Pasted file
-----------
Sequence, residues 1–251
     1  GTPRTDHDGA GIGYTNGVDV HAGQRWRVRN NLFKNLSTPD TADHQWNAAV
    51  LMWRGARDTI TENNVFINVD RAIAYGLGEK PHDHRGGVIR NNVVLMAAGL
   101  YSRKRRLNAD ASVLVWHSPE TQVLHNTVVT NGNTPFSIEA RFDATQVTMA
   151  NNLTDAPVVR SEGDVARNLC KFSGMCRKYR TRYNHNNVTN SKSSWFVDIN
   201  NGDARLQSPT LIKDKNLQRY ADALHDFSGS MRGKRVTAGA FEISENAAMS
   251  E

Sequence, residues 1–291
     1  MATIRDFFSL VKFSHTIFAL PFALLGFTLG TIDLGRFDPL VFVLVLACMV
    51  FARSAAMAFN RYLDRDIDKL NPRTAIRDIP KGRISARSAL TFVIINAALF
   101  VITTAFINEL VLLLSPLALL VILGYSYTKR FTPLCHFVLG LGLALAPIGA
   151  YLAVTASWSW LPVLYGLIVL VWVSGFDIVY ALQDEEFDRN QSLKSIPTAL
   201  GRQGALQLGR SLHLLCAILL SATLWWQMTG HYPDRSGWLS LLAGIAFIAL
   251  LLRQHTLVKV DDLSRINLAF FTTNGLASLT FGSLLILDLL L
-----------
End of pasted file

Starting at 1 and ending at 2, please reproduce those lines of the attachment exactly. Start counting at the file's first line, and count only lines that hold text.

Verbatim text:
Sequence, residues 1–251
     1  GTPRTDHDGA GIGYTNGVDV HAGQRWRVRN NLFKNLSTPD TADHQWNAAV